Zain Elwakil ’20, is an architect, a designer, a storyteller and an entrepreneur. The 22-year old Syracuse architecture student grew up in New York City. He was raised in an Arab household by his two parents, his mother, who was a creative designer, and his father, an architect. Growing up, he remembers, “I always had a creative environment at home. My dad would always be painting, and my mom would be making something. “While he sees his love for architecture and design as independent callings, he acknowledges the tremendous influence his early years played in solidifying these passions.
While growing up a New Yorker, Zain’s parents always encouraged him to stay true to his heritage. The family visited their home in Egypt each summer, and in fact, Elwakilspent his entire high school years overseas, attending an international school in Qatar. Attending this new school sparked a profound transition in his life, “When I moved to Qatar, it was the first time I was in an Arab country. It was the first time I could speak Arabic with my friends, and everyone who was there was like me.”
The experience was invaluable, and its value extended far beyond the classroom. Reflecting on his experience, he remembers, “It was nice to connect the dots and finally have that other part of my culture. It completed the rest of my identity in a way.”
Graduating from high school, a bit more mature and much surer of himself, Zain prepared himself to go back to the United States to attend college at Syracuse University.
“Architects have a huge responsibility to the way we experience the world,” he said when explaining why he chose to pursue an architecture major. His decision was fueled by his interest for the subject, however, his first year of college did not come without its fair share of struggles, “That first semester was the hardest year in my life. I’d never been academically challenged that much.”
There’s a famous quote by Wilma Rudolph which reads, “The triumph cannot be had without the struggle.” While Zain would not describe his early experiences pleasantly, he understands how transformative this stage of his life was, saying, “While that semester was terrible, it was the first time I saw myself enjoying working hard.”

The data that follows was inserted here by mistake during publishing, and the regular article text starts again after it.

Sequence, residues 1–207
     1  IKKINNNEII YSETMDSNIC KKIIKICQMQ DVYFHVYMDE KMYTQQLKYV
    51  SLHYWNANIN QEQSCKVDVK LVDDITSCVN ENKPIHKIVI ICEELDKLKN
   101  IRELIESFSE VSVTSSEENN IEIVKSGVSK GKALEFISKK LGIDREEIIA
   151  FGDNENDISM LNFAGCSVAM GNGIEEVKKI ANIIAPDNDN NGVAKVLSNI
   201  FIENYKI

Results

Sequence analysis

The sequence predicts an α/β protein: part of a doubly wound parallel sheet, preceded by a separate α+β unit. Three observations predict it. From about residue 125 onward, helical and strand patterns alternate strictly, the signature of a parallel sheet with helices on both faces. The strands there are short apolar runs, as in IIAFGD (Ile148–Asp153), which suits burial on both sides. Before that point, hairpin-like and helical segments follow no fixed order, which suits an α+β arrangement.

Fighting through self-doubt, fatigue and yet another transition, Zain came out on the other side with a clear vision. While continuing to work hard in his studies, developing skills in design and architecture, Elwakildecided to challenge himself in a new way, founding a new movement called the Zuluecho Initiative.
With the Zuluecho Initiative, he wanted to create a platform for ambitious, creative discussion and empowering self-belief.
“Wherever your passion lies, whoever you want to be, whatever you want to do, believe in it and go get it.” This is the mission statement of the initiative, says Zain. It is a platform for him to empower and inspire young people to pursue great things in life. Featuring pieces written by Elwakilhimself, articles on the site touch on critical aspects of creativity, entrepreneurship and self-becoming.
So far, his blog has made an impact, with dozens of articles, growing engagement, and high-quality merchandise. More meaningful than the metrics are the positive reviews he has received from readers.
“I remember last semester, when I was in Florence, I was having a rough time. I wasn’t enjoying what I was doing anymore, and it wasn’t really healthy for me.” Pushing himself through this difficult time, he remembers, “What really got me is, one day, someone sent me one of my own articles”.
This was a big wakeup call. The experience pushed him to understand that, “Helping people shouldn’t come at the expense of helping myself.” He now understood the importance of seeing the big picture.
For Zain, this big picture involves combining his passions for architecture, design, creativity and storytelling to empower and inspire those around him. The Zuluecho Initiative has created a strong community of young people. He wants to continue using his talents and skills to empower people’s passions and influence broader conversations around society.
“I don’t want people to remember me for who I am, I want them to remember how I made them feel,” he responds when asked about his legacy. He pursues this legacy by looking for understanding, finding his purpose and staying authentic.
He is multi-talented and his abilities have brought him the admiration of people across the globe, and finds satisfaction in positively affecting others. His goal is not to receive notoriety, fame or tremendous wealth, but rather to lead his followers to, “Believe in the power of their dreams.”
“Architecture is this beautiful connection between art and the real world,” he told me, reflecting on his passion. “The transformation from the imagination to the physical has always been inspiring to me.”
Story by LaunchPad Global Media Fellow Jalen Nash ’20